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Old 02 June 2008, 13:23   #11
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Perhaps the CE Directive

(specifiying Categories A, B, C, D, and the relevant conditions for use) is not well-known in the US (at least by customers), but US exporters do often categorise their boats. When we bought a Grady White once (ouch, I know it is not a rib., but I did say bought, in the past), the certification document from S. Carolina specified Cat. B. So, there you go.
Rupert.
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Old 03 June 2008, 08:02   #12
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Quote:
Originally Posted by rupert View Post
(specifiying Categories A, B, C, D, and the relevant conditions for use) is not well-known in the US (at least by customers), but US exporters do often categorise their boats. When we bought a Grady White once (ouch, I know it is not a rib., but I did say bought, in the past), the certification document from S. Carolina specified Cat. B. So, there you go.
Rupert.
If a boat is made outside the EU it has to have a CE certification or if it is imported without one it has to be certified - of course the Channel Islands are not in the EU!

Some US manufacturers do CE certify their boats as they export to Europe.
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Originally Posted by Zippy
When a boat looks that good who needs tubes!!!
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Old 22 February 2009, 03:41   #13
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ce certification clarified

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Originally Posted by Cookee View Post
I am not sure of the relevance to insurance, but the CE system is to a large amount self certified, so it gives the customer no guarantees at all but an indication as to its use in terms of the number of people it can carry and the sort of seas it can cope with.

Different companies and indeed nationalities have different views on how to interpret the rules and the categories. Fairly similar looking boats may have category C 7 people and another Category B 14 people and yet there may be no material difference in the boats - indeed it is not an indication that the Category B boat is any better at all!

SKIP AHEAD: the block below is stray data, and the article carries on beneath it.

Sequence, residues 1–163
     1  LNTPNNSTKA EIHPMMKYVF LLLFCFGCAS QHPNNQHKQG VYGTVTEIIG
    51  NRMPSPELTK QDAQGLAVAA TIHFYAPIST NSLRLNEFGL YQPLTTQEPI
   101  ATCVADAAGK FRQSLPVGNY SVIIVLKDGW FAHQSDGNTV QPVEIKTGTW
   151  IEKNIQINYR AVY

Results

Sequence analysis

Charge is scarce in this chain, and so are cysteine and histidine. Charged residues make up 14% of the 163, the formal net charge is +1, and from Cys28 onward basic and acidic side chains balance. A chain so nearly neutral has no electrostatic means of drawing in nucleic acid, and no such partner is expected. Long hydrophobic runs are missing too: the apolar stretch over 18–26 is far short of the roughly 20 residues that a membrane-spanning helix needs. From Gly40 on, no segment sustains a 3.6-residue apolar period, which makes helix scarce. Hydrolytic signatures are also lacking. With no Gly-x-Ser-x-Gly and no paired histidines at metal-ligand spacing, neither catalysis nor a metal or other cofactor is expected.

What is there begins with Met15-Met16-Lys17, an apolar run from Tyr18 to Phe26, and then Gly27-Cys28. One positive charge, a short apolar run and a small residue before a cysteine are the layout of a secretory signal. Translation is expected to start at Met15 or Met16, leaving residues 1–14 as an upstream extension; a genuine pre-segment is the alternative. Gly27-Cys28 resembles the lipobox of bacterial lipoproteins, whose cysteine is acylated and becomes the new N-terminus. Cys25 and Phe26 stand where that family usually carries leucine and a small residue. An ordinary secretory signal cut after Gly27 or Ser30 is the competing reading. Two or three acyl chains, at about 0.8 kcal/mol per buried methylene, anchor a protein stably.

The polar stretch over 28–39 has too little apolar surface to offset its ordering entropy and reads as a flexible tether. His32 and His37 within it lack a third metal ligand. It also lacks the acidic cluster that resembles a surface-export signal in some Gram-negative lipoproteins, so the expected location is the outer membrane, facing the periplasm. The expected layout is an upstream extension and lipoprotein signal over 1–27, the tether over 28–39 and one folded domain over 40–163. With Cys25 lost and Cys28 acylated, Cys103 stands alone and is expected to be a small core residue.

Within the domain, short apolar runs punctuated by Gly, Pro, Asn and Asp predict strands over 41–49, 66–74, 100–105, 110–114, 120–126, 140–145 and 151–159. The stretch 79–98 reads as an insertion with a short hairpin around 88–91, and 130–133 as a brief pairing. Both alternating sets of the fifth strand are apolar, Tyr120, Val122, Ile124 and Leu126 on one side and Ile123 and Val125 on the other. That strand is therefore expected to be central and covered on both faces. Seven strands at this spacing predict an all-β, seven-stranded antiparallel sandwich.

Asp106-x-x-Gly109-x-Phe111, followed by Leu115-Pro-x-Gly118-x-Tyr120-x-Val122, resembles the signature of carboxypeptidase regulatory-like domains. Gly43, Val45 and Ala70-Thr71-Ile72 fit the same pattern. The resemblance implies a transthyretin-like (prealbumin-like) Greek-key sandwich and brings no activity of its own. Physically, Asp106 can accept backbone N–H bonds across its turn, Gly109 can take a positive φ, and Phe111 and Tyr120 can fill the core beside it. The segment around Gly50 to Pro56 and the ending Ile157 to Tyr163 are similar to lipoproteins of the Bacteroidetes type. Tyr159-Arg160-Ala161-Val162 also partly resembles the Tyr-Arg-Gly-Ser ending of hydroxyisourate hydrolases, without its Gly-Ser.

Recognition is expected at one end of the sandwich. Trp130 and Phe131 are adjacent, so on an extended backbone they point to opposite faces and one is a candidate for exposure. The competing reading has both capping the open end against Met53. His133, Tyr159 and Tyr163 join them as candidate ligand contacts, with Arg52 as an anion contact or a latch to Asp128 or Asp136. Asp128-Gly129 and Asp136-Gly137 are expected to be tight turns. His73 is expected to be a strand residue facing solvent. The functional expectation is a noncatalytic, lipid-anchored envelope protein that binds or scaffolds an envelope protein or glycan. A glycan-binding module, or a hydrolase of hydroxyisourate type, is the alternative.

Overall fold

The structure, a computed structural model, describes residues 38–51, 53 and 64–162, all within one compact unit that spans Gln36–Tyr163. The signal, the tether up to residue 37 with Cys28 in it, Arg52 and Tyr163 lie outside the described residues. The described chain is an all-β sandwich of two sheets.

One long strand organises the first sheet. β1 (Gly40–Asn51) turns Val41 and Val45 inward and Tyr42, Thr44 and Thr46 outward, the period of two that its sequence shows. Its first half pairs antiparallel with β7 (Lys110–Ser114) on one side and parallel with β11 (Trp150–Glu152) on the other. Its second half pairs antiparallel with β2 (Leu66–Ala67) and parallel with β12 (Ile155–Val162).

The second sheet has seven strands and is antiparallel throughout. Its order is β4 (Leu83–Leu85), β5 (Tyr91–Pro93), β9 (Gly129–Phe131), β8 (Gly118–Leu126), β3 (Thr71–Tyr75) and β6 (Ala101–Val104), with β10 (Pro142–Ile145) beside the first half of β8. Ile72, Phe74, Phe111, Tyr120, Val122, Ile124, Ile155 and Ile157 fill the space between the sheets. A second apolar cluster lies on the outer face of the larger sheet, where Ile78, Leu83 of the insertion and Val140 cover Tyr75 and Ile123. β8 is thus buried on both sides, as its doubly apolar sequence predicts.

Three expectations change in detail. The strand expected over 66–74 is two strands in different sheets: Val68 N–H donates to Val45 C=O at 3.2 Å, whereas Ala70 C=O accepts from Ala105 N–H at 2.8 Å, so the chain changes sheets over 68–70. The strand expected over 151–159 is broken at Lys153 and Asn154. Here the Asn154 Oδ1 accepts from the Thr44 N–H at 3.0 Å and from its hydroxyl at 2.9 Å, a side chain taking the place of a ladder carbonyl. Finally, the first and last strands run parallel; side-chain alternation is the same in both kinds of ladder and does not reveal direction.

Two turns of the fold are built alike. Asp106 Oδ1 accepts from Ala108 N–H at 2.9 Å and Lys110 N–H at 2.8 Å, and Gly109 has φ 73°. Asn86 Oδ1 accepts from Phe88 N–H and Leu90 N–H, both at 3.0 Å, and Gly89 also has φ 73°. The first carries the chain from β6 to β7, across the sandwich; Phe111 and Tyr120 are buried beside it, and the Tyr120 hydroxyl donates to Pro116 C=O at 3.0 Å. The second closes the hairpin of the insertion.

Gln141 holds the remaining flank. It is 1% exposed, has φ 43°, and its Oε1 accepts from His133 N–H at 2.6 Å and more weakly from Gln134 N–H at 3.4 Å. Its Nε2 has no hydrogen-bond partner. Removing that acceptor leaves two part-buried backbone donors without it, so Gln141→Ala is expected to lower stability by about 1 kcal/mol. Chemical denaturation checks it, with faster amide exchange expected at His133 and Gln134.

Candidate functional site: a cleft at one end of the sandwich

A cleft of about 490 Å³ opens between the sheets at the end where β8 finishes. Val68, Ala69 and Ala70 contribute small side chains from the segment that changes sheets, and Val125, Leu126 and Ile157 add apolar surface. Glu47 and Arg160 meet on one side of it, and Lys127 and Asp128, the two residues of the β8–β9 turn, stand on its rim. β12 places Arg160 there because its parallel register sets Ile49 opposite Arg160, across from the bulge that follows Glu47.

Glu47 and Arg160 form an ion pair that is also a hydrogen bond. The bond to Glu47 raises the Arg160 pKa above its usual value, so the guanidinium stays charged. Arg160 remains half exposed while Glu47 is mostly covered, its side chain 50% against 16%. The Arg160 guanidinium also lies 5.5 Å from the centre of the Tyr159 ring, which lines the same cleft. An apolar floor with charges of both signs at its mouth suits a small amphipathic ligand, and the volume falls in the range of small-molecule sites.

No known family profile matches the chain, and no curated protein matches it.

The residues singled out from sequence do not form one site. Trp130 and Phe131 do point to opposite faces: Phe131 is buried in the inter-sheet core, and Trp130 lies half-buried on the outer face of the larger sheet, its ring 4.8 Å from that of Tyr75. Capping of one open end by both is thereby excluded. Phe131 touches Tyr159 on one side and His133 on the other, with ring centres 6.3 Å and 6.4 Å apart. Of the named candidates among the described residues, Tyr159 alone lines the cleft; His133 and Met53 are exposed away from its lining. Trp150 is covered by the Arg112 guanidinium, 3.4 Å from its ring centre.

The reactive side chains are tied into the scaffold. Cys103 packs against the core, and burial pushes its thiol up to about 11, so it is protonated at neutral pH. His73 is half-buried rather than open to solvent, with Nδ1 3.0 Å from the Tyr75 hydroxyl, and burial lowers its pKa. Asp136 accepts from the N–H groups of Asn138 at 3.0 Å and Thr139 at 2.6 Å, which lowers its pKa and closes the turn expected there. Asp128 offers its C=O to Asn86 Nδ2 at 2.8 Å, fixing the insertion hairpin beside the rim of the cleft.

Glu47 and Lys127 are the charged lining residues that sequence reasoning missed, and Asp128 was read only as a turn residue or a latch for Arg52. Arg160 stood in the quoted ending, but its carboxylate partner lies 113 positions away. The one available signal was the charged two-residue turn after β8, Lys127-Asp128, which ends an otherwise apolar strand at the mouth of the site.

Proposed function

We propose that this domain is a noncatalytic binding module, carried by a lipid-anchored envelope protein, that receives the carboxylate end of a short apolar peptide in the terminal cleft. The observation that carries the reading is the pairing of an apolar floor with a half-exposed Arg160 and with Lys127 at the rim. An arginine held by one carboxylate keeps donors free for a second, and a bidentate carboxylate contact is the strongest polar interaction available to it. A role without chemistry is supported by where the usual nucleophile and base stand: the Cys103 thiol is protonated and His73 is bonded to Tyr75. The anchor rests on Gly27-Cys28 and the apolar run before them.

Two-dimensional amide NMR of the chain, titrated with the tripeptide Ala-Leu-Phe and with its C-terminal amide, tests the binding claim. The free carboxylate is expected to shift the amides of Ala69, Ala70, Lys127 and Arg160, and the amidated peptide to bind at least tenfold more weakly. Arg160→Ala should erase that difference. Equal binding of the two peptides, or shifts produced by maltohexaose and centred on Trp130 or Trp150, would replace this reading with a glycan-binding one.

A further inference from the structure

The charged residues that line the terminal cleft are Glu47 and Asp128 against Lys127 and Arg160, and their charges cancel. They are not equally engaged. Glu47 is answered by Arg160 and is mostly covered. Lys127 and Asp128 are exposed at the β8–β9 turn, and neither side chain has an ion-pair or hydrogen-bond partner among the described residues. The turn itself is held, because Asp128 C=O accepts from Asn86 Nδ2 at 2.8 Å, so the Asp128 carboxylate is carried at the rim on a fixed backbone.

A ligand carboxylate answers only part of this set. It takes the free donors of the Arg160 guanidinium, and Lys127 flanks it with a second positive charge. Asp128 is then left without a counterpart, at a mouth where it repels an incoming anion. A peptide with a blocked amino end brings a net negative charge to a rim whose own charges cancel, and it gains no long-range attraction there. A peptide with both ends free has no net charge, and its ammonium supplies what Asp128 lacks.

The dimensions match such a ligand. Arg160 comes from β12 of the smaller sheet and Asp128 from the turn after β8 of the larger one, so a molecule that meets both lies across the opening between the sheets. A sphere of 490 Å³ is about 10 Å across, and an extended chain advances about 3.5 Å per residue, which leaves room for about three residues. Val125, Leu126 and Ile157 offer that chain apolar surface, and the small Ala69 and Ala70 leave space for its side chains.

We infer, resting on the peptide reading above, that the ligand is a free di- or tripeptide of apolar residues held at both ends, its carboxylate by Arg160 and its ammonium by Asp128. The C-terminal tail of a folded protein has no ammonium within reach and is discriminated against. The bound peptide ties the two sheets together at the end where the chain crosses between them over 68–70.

I would take personal recommendation over a CE rating any day!
I won't go into alot of detail... because i would have to write a book here on ribnet, however in genaral it goes like this.

Ce is not toataly self certified ...

In order to get a boat ce markerd you must submit the build documentation to an notified body... GL/ NORSKE/ PRS ETC...

ONCE THE DOCUMENTAION IS APPROVED YOU MAY BUILD THE BOAT.

Once the boat is built (and during the build) a surveyor from the notified body comes and does a freeboard and stability test.... depending on the results they categorise the boat A B C or D.

for example a C - category boat can easily be changed to B by lowerering the number of people marked on the CE plate.

"A" oceanic
"B" offshore
"C" inshore
"d" - don't even bother when it comes to ribs ;-)


once all documentation is stamped and approved for the first boat, the builder can than self certify the next boats by providing a declaration of conformity that the next boat was built according to the standards in the documentation provided to the notified body. This ofcourse is a guidline as to how the boat will perform, but when it comes to RIBS NOTHING IS BETTER THAN A TEST run , and a recomendation.
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Old 22 February 2009, 11:02   #14
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Also it tells me it is CE certification CAT B. What does that mean?
There's a good summary and some more background information here: http://www.ceproof.com/recreational_craft_directive.htm
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